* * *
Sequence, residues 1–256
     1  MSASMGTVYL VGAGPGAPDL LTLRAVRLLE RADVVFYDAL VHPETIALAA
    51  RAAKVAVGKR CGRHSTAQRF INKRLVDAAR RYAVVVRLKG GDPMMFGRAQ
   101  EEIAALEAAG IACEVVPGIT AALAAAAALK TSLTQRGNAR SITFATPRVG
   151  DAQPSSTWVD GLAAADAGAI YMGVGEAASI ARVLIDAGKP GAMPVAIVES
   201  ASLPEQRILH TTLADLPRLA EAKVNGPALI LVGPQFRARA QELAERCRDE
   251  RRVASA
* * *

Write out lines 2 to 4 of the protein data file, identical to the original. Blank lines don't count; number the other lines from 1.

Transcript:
     1  MSASMGTVYL VGAGPGAPDL LTLRAVRLLE RADVVFYDAL VHPETIALAA
    51  RAAKVAVGKR CGRHSTAQRF INKRLVDAAR RYAVVVRLKG GDPMMFGRAQ
   101  EEIAALEAAG IACEVVPGIT AALAAAAALK TSLTQRGNAR SITFATPRVG